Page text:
The Georgia Supreme Court will hear arguments next week in a civil case in which four Hall County physicians were cleared by a jury of negligence in the misdiagnosis of a child with Rocky Mountain spotted fever.
The high court’s decision could have a lasting effect on medical malpractice lawsuits in Georgia and whether defendants can be excused for not foreseeing the impact of their acts.
Justices agreed to consider whether Hall County State Court jurors who deliberated the case in 2006 should have been given certain legal instructions regarding hindsight prior to deliberating the case of Justin Smith.
Smith’s parents, Clay and Tracie Smith, alleged that physicians Cathryn Finch, Charles Jones, Jeff Elder and Todd Jordan were negligent when they failed to spot the symptoms of the rare tick-borne illness in their child, who was 13 when he was stricken in June 2003. Doctors initially thought Justin Smith suffered from an enterovirus.
The Smiths claimed their son, who testified during the trial, suffered permanent brain damage before he was properly treated at Children’s Healthcare of Atlanta at Egleston, 12 days after first being seen by a pediatric doctor for fever and headaches. An attorney for the Smiths asked a jury to award $3.8 million.
Lawyers for the doctors disputed that the child suffered lasting effects from the illness.
The civil trial lasted two weeks and ended with a jury of 12 clearing all four physicians of any liability. Attorneys for the doctors successfully argued that they showed "reasonable care and skill" in treating the child, and pointed out that Rocky Mountain spotted fever is so seldom seen by doctors that it is difficult to diagnose. In 2002, there were only 84 cases of the illness nationwide among children ages 5 to 14.
The state Supreme Court will consider whether an instruction given by the presiding judge regarding hindsight is an inaccurate or confusing statement of law that should be overturned.
The hindsight jury instruction says in part that "negligence consists of foreseeing and guarding against that which is possible and likely to happen, not against that which is only remotely and slightly possible."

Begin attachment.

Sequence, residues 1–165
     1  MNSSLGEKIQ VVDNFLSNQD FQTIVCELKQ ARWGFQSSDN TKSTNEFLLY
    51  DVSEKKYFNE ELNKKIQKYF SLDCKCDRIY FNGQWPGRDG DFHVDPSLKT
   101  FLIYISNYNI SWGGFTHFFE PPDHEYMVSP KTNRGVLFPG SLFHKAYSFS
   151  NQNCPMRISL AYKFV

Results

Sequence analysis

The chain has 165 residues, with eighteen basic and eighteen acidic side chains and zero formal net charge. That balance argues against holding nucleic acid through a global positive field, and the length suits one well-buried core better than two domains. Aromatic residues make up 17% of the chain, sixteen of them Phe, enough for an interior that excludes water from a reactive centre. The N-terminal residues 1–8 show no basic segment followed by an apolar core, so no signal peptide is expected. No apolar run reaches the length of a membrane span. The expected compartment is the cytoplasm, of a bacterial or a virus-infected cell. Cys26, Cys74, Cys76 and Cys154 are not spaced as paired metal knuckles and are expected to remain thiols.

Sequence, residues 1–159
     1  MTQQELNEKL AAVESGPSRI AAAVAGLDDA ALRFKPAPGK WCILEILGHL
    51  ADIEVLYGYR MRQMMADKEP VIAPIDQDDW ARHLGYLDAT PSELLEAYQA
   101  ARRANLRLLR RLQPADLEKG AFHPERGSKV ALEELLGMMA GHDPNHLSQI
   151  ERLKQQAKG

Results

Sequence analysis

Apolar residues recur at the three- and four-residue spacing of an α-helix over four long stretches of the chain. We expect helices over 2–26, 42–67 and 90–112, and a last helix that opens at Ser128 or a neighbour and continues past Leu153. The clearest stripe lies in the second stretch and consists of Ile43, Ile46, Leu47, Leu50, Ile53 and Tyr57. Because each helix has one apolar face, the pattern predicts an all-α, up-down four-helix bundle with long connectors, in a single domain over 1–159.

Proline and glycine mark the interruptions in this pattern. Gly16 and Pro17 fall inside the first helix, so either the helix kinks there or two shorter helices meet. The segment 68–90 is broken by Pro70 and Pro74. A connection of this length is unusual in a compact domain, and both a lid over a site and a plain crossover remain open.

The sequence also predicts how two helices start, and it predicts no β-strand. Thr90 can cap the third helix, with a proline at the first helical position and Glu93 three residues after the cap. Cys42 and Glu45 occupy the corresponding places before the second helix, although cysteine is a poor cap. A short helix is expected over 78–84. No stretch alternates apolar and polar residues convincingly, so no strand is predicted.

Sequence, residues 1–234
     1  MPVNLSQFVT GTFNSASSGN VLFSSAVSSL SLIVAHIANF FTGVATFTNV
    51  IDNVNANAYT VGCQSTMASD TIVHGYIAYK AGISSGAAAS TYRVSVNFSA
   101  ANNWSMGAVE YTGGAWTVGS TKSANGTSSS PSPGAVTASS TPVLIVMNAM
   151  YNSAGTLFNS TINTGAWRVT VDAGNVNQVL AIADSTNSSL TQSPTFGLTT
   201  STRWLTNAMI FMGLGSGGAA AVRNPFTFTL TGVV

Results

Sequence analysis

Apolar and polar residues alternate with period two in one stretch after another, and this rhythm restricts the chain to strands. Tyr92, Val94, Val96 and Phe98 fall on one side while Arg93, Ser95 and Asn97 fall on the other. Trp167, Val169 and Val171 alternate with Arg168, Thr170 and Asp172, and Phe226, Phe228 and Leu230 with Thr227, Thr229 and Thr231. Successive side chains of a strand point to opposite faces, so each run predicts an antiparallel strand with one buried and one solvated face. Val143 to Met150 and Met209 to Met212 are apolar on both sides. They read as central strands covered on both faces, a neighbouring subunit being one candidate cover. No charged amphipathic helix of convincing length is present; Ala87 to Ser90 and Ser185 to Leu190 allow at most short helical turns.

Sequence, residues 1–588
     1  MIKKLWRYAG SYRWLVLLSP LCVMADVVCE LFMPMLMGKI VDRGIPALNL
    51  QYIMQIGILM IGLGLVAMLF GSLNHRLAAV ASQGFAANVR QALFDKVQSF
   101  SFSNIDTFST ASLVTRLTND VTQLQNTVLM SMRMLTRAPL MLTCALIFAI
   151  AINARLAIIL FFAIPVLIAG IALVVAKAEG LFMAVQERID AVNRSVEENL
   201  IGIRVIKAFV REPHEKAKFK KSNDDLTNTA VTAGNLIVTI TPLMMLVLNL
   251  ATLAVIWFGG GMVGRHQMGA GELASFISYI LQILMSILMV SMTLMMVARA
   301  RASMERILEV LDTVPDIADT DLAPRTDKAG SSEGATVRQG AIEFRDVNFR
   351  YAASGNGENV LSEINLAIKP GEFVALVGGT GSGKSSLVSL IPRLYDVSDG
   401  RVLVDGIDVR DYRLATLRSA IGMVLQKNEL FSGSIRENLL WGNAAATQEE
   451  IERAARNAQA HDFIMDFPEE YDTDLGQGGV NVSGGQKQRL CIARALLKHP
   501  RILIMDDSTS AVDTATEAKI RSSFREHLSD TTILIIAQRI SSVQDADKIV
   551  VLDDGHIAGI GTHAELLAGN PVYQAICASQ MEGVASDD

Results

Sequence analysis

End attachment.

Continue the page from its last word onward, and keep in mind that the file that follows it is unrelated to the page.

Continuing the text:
Lawyers for the Smiths say the instruction is in conflict with the legal rule of foreseeablility, in which a person can be held liable "if a defendant might have foreseen some injury would result from his act or omission."
The plaintiffs attorneys also claim that the hindsight instruction, also known as a "jury charge" should only be given if negligence is claimed in a case in which information was not available to the physicians, noting that the doctors knew about the tick bite.
Lawyers for the doctors say a "hallmark rash" that is a sign of Rocky Mountain spotted fever did not surface until Justin Smith was taken to Egleston, and was information not known to them at the time of their diagnosis.
The doctors contend, according to a summary of the appeal from the Georgia Supreme Court, that "the hindsight charge should not be overturned, as it is a common sense concept that cautions a jury against using a retrospective viewpoint to decide whether a physician committed medical malpractice."
David S. Bills, the attorney representing the Smiths, called the jury’s 2006 verdict "an unfortunate outcome."
Bills said no other state in the nation has a similar hindsight jury charge, and noted that it is only used in medical malpractice cases, not in product liability suits.
"We are confident that the Georgia Supreme Court will carefully consider this pending issue of medical malpractice law that we believe needs to be changed," Bills said.
Attorneys Weymon Forrester and John Dickerson, who successfully represented the doctors, were unavailable for comment Thursday.